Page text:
Developer: Capcom
Price: $4.99
Version Reviewed: 1.00.00

Graphics / Sound Rating: ★★★★½
Game Controls Rating: ★★★★☆
Gameplay Rating: ★★★★½

Re-use / Replay Value Rating: ★★★★☆

Overall Rating: ★★★★½

Phoenix Wright: Ace Attorney was first released way back in 2001 as a Game Boy Advance title. It subsequently made it to the DS, and its popularity has earned it two full sequels and two spin-off titles. Finally, iPhone owners can get in on the action, too—for $4.99, a mere fraction of the DS original’s price. And oh, by the way…this is, in fact, a port of an entire DS game. Can you say sweet?

Those of you familiar with the game may want to skip most of this in-depth review and check out the section titled Port Quality.

But What is Phoenix Wright?
Phoenix Wright: Ace Attorney is a blend of a point-and-click adventure game, visual novel, murder-mystery puzzle, and plain ol’ melodramatic humor. You play Phoenix Wright, rookie lawyer, in his quest to prove his clients’ innocence and uncover the true murderers. Of course, this being the world of Phoenix Wright, the legal system as we know it is suspended in favor of a much more sinister, guilty-until-proven-innocent model in which bumbling judges, sneaky prosecutors, and sly witnesses all stand in your way. It’s all great fun, of course, because the game pokes fun at itself and its own ridiculous proceedings.

This iPhone port of the DS title includes all five episodes, which should take first-timers at least 15 hours (if not more, depending on how long you spend exploring). Each case opens with a brief cutscene, which reveals the murder and, typically, the murderer as well. The real fun comes in absolving your client and cornering the true culprit. This process is split into two main parts…investigations and trial proceedings.

Investigating
During investigative portions, you take on the role of detective, despite your official position of “attorney.” You must talk to various characters and explore areas in an attempt to uncover the truth and gather as much evidence as possible. Examining areas plays out much like a hidden object game, though thankfully the game will automatically save important evidence. Talking to the characters is trickier, because many are initially unhelpful. Often you’ll have to present them with evidence to force or cajole them into revealing the next step you have to take.

The Trial…OBJECTION!
During the trial portions, you cross-examine witnesses, present evidence, and shout Wright’s famous “OBJECTION!” when you find a contradiction or if you, well, object to the prosecution’s remarks. Make a bad decision that irritates the judge, like presenting useless evidence, and you’ll lose one of the five exclamation points that represent your health. However, the game generally steers you straight; if you read the descriptions of all the evidence in your Court Record and pay attention to the dialogue, it’s hard to fail.

Story
Of course, just describing the bare-bones game mechanics doesn’t do the game justice. To fully enjoy Phoenix Wright, you really have to read the dialogue. It’s riddled with jokes and Phoenix’s asides, and soon you’ll develop a connection to Phoenix and the gang. The huge cast of side characters range from annoying and stereotypical to goofy and lovable. The five chapters form a loose story arc, and you gradually learn more about each character and their backgrounds as the game progresses.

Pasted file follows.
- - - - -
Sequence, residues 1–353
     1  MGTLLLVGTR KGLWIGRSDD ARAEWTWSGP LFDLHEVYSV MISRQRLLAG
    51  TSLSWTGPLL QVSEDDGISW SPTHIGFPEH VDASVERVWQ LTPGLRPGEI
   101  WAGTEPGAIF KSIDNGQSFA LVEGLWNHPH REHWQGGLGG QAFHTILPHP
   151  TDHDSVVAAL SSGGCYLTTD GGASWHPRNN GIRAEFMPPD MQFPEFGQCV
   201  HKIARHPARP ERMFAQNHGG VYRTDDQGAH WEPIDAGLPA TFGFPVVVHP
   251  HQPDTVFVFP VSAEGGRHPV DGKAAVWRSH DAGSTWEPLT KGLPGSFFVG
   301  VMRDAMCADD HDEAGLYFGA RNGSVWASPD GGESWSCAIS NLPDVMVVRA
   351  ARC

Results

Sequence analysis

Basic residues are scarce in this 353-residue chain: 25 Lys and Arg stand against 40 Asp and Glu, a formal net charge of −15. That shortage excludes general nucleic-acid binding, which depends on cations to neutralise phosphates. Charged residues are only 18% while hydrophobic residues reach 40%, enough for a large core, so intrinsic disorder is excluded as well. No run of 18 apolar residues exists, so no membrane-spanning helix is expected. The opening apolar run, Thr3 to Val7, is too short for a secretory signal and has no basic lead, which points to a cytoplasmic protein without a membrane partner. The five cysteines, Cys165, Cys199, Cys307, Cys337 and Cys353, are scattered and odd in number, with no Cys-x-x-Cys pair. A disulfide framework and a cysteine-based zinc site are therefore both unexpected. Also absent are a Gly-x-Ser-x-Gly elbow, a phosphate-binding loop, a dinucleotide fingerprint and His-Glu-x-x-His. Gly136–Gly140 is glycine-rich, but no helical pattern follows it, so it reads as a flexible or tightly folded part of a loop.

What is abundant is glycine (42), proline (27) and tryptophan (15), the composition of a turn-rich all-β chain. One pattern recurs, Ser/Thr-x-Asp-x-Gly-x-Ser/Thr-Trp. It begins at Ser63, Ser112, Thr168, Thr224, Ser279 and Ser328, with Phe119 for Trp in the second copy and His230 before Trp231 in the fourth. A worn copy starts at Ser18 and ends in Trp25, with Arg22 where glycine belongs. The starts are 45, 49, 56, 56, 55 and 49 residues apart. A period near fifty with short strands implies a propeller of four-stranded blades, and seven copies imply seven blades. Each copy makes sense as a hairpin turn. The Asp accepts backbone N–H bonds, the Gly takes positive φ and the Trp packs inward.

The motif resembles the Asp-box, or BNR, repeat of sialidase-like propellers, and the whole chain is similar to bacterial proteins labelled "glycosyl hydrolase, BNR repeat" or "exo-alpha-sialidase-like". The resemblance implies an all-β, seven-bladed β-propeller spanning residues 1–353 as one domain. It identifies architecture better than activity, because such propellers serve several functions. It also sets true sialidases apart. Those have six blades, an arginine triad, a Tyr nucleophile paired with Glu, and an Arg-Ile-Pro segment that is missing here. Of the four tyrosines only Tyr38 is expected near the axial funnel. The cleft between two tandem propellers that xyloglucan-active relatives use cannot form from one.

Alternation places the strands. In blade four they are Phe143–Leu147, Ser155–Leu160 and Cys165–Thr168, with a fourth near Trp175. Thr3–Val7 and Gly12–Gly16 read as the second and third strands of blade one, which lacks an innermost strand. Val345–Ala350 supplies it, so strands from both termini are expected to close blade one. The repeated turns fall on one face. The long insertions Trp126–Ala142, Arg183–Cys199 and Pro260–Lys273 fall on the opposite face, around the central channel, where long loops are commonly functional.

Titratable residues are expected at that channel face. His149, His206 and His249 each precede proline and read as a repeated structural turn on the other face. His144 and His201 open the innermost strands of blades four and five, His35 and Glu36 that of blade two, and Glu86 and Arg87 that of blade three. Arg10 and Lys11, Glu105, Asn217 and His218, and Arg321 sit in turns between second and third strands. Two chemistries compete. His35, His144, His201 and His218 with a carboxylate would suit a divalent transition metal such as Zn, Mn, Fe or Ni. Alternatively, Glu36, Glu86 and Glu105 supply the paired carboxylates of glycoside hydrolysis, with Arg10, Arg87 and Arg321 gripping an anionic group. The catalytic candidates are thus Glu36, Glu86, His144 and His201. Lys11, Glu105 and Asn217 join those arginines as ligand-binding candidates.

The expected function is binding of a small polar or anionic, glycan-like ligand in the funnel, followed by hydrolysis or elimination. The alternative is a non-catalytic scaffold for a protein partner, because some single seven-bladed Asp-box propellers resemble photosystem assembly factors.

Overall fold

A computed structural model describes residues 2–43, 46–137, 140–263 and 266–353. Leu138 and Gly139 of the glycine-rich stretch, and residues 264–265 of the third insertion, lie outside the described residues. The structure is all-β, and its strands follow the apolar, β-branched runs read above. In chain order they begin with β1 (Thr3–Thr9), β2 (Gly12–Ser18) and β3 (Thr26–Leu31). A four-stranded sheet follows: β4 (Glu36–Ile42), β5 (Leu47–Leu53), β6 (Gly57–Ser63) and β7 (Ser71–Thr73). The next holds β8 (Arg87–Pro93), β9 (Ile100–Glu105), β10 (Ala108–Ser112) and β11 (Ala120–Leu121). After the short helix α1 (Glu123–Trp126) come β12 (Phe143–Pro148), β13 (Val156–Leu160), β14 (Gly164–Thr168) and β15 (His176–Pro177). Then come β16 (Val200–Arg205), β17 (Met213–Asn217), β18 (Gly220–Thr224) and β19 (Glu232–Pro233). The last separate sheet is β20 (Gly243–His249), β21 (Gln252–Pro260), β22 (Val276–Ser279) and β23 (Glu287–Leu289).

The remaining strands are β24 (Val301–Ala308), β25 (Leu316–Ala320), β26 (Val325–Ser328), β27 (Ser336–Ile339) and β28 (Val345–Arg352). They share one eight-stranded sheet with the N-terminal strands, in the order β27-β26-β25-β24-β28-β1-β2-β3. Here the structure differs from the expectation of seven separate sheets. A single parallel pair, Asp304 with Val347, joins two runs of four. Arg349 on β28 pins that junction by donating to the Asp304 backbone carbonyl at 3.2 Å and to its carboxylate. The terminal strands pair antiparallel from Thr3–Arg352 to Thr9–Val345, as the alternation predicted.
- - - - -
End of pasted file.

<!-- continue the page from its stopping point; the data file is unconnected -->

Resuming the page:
Art & Soundtrack
The graphics in Phoenix Wright are far from complex. Characters aren’t fully animated; each interaction features a single character on-screen at a time. But each character does have a number of expressive animations, and coupled with some dramatic sound effects, they easily come to life. Sure, it’s not anything fancy, but it’s handled well. As for the soundtrack, it’s iconic to the games, though not necessarily epic. Still, I recommend leaving it on…not that the game gives you the option, but it adds to the game’s charm regardless.

Port Quality
Capcom didn’t go to any great lengths to hide that this is, indeed, a port from the Nintendo DS. They simply stacked the two displays from the DS on top of each other and reworked the DS version’s interface to make it more finger-friendly. However, given the price—$5 compared to $30 for the near-identical DS version—I wasn’t expecting any extras.

The good: it works. Quick-save keeps you from losing data, the game pauses automatically if you’re interrupted by a call or push notification, and Phoenix actually feels at home on the DS. The touch-screen controls feel natural, though there is some slight lag with the big “next” button (you have to hold it down for a brief second).

The bad? Battery drain. This is possibly due to the addictive nature of Phoenix Wright, but like most complex games, this one will suck you dry sooner rather than later. Keep it in mind if you need your iPhone for, I don’t know…taking a phone call?

Overall
Phoenix Wright slides smoothly from the DS to the iPhone’s touch screen, probably because the original game was already so well-adapted to the DS’s touch screen. Phoenix and the gang are just as wacky and charming as ever, and the game itself is an excellent balancing act between a point-and-click adventure and a simple logic game. Some will dislike the purely linear story or the fact that once you beat a story, knowing the plot dims the replay value. Personally, I still love the Ace Attorney games. They’re never overly challenging, but you still feel compelled to think. Overall? If you haven’t yet tried the Phoenix Wright series, give this iPhone version a go. At a low $4.99, this is an absolute steal. Just be prepared to kill your battery many, many times over.

Any specific questions? Drop me a line in the comments box!

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